Insalata Russa for Food ‘n Flix

I’m glad I Am Love (Io Sono L’Amore) was an Italian film subtitled in English.   (I Am Love is the Food ‘n Flix feature film for June, hosted by Evelyne at CulturEatz.   You can see her announcement post here.)  Otherwise, I don’t know that I would have watched it in it’s entirety.    Don’t get me wrong, this is a beautiful film, but I don’t think I could have made it through if the film had been, let’s say, set in New York with an American-aristocratic old-money family.  (Sounds like an Edith Wharton novel.)

I Am Love (Io Sono L’Amore) thankfully had that whole foreign film mystique-thing working in its favor.

I am love

The Italian language, scenery, fashion, and food was the film for me.

(I am jumping into my perspective of the film.  If you haven’t seen the film and would like a plot summary, click here.)

Tilda Swinton (Emma) is always luminescent but she is even more so as the Russian born wife of a wealthy Italian textile magnate.  She was glowing  throughout the film and not just in the food porn prawn scene or the other literal sex scenes.

The youngest daughter, Betta, is played by Alba Rohrwacher.  Similarities can certainly be drawn  between Rohrwacher’s physical beauty and Swinton’s.  When I first saw the film, I was convinced that she must be Swinton’s actual daughter.  (Swinton’s real daughter actually did have a few appearances in some of the brief flashbacks, playing Emma during her childhood in Russia.)


Swinton and Rohrwacher

A plot parallel develops concerning both the mother and daughter’s awakenings.  Betta confides in her mother that she is in love with her female art instructor.  Emma, of course, is finding herself in a young chef.  In the final scene, Betta and her mother share a knowing look, an acknowledgement that each knows the other’s secrets, triumphs, hardships and joys in their respective found loves.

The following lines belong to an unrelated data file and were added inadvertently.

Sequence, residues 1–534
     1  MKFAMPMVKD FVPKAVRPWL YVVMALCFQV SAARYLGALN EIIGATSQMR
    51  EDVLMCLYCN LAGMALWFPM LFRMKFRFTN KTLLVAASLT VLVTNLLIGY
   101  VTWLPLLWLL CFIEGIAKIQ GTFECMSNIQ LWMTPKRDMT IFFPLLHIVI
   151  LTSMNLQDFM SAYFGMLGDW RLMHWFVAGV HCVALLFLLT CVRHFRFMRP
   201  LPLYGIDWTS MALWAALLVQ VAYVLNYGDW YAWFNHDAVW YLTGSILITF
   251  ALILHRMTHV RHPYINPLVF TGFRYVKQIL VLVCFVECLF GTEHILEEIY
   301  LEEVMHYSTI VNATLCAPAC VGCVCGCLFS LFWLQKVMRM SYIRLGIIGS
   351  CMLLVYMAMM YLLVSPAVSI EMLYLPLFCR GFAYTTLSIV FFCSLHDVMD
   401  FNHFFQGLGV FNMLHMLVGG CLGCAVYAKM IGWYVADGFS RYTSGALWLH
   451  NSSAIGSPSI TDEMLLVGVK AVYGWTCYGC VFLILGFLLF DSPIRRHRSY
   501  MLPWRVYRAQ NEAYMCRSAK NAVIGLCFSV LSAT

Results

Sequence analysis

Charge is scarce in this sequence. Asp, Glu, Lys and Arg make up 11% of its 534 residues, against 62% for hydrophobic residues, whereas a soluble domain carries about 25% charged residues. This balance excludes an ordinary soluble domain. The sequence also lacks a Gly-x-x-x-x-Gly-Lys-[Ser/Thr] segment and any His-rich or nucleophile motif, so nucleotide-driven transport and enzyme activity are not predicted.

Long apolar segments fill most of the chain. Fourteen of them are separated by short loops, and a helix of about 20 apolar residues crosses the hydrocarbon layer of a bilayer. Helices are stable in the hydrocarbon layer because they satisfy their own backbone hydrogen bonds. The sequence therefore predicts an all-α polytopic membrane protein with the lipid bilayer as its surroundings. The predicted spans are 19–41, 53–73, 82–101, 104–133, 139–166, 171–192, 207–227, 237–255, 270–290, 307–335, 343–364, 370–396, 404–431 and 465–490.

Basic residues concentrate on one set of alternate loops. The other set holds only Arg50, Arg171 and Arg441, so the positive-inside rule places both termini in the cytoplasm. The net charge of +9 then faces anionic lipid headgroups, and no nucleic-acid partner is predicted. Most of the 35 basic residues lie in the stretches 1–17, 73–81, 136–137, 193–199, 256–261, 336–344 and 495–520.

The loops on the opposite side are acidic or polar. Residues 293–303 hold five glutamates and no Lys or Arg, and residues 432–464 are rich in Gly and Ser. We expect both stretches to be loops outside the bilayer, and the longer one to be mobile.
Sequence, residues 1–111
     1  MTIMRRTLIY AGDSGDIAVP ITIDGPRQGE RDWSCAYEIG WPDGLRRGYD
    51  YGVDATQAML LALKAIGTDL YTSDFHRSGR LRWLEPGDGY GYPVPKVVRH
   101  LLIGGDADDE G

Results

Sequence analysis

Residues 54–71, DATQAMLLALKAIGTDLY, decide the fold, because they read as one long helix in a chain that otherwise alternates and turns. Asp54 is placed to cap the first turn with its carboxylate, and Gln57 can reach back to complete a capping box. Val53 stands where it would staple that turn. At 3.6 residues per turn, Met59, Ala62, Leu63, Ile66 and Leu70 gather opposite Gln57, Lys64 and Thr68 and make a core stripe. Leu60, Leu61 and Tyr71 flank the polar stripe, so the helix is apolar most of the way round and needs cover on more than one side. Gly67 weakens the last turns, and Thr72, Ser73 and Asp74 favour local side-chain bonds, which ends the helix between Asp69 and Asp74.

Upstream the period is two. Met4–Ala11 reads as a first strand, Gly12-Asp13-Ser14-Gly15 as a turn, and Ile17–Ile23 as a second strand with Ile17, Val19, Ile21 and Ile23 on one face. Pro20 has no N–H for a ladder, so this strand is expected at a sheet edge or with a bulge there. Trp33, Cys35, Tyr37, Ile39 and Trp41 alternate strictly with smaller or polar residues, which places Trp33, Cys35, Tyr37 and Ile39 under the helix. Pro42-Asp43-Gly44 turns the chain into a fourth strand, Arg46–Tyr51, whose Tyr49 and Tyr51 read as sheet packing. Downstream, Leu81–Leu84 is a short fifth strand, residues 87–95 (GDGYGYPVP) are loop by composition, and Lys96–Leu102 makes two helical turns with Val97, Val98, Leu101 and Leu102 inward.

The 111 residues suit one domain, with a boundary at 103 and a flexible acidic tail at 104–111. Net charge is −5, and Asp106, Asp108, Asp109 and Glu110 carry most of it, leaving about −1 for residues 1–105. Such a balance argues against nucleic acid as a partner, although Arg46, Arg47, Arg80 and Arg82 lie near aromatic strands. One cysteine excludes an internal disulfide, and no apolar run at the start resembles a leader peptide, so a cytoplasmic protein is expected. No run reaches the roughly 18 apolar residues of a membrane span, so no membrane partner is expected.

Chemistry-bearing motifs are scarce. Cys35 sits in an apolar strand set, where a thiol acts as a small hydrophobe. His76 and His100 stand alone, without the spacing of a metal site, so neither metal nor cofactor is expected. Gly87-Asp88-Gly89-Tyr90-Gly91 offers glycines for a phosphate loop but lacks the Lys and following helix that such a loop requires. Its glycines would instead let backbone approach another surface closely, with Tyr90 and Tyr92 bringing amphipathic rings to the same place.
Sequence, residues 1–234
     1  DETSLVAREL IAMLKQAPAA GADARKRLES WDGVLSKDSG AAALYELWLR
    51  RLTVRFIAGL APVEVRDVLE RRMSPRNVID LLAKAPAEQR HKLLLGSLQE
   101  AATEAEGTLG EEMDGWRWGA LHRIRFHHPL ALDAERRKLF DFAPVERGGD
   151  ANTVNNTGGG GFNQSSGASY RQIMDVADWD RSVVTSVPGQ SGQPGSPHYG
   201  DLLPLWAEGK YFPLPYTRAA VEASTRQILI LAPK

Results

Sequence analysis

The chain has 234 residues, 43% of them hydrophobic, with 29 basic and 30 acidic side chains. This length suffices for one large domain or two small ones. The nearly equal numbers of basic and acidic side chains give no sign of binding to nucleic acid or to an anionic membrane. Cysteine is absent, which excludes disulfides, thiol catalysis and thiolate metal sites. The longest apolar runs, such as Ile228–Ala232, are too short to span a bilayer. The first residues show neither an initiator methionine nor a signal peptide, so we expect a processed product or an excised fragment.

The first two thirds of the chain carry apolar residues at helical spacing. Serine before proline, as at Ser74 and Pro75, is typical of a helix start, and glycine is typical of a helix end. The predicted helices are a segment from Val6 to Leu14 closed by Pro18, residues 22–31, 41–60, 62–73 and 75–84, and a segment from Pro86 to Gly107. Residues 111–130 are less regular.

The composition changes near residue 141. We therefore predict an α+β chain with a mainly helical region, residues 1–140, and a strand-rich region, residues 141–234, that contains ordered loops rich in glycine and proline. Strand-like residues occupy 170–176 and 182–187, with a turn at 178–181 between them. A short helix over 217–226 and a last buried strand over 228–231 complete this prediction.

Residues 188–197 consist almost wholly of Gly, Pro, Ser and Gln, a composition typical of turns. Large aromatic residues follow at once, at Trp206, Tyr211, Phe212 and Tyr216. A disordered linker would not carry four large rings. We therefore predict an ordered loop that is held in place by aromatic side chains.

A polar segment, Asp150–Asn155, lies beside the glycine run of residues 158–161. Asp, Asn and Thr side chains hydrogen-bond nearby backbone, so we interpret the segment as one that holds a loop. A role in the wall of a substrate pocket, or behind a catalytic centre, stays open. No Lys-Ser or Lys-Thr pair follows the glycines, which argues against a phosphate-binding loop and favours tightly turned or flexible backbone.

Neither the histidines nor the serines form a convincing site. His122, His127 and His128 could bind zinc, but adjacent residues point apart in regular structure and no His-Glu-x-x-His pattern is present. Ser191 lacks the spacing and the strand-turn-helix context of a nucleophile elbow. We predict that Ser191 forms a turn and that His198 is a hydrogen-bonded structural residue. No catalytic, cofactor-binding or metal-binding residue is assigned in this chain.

Marisa Berenson plays the family’s matriarch, Rori (short for Allegra) in a cool, classic Italian sort of way.

Marisa Berenson

Ida, Emma’s maid, is a bit stereotypical as the dutiful servant but Emma reaches out to her many times during the film, to sit with her, to eat with her, and it is Ida that assists in Emma’s escape.

Maria Paiato

The characterization of these women are shown in bits and pieces.   Allegra gifts art work to perspective wives soon to join the Recchi clan.   There are clues of Emma’s childhood in Russia, short snippets that hint at something perhaps innocent, something perhaps sinister.   We never know Emma’s real name; she just tells Antonio that Emma is not her given name.  Betta is interesting to watch as she explores her art and her sexuality.

The women are more interesting than the men in this film.

Edoardo Sr. is the firm and stern aging patriarch of the family who seems to rule with an iron fist.  No one would dare contradict him.

Tancredi, the son that is soon to take over the business, doesn’t even seem one-dimensional.

Edoardo, or Edo, is the ill-fated idealistic son.  His idealism is juxtaposed with his stereotypical rich-kid lifestyle.

Antonio is the outsider, the every-man, the person who must work for a living.   Other than his dream of opening a restaurant on family land in the hill country (and his lust for Emma), we know little about him.

Definitely, the women were more intriguing.